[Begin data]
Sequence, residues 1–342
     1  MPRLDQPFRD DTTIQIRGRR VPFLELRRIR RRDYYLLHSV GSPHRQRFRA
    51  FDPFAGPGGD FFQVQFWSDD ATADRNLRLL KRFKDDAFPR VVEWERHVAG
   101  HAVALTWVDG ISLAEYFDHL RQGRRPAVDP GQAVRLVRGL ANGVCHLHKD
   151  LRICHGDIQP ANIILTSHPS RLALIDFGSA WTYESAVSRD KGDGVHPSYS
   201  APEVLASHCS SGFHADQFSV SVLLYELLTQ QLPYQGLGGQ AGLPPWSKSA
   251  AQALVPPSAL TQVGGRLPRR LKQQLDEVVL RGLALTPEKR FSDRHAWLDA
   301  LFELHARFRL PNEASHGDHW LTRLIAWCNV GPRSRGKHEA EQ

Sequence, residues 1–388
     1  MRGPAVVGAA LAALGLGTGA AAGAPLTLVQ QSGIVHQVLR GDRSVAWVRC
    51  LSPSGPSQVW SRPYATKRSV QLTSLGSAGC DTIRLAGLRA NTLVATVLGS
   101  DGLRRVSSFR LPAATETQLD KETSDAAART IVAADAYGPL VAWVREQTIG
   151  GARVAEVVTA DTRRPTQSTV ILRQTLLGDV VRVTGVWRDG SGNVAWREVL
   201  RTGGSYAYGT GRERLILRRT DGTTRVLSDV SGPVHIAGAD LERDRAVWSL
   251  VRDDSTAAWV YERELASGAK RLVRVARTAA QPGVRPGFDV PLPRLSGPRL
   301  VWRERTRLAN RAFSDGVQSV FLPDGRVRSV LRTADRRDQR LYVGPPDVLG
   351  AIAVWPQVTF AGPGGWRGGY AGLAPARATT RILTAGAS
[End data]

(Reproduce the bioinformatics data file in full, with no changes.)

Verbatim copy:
Sequence, residues 1–342
     1  MPRLDQPFRD DTTIQIRGRR VPFLELRRIR RRDYYLLHSV GSPHRQRFRA
    51  FDPFAGPGGD FFQVQFWSDD ATADRNLRLL KRFKDDAFPR VVEWERHVAG
   101  HAVALTWVDG ISLAEYFDHL RQGRRPAVDP GQAVRLVRGL ANGVCHLHKD
   151  LRICHGDIQP ANIILTSHPS RLALIDFGSA WTYESAVSRD KGDGVHPSYS
   201  APEVLASHCS SGFHADQFSV SVLLYELLTQ QLPYQGLGGQ AGLPPWSKSA
   251  AQALVPPSAL TQVGGRLPRR LKQQLDEVVL RGLALTPEKR FSDRHAWLDA
   301  LFELHARFRL PNEASHGDHW LTRLIAWCNV GPRSRGKHEA EQ

Sequence, residues 1–388
     1  MRGPAVVGAA LAALGLGTGA AAGAPLTLVQ QSGIVHQVLR GDRSVAWVRC
    51  LSPSGPSQVW SRPYATKRSV QLTSLGSAGC DTIRLAGLRA NTLVATVLGS
   101  DGLRRVSSFR LPAATETQLD KETSDAAART IVAADAYGPL VAWVREQTIG
   151  GARVAEVVTA DTRRPTQSTV ILRQTLLGDV VRVTGVWRDG SGNVAWREVL
   201  RTGGSYAYGT GRERLILRRT DGTTRVLSDV SGPVHIAGAD LERDRAVWSL
   251  VRDDSTAAWV YERELASGAK RLVRVARTAA QPGVRPGFDV PLPRLSGPRL
   301  VWRERTRLAN RAFSDGVQSV FLPDGRVRSV LRTADRRDQR LYVGPPDVLG
   351  AIAVWPQVTF AGPGGWRGGY AGLAPARATT RILTAGAS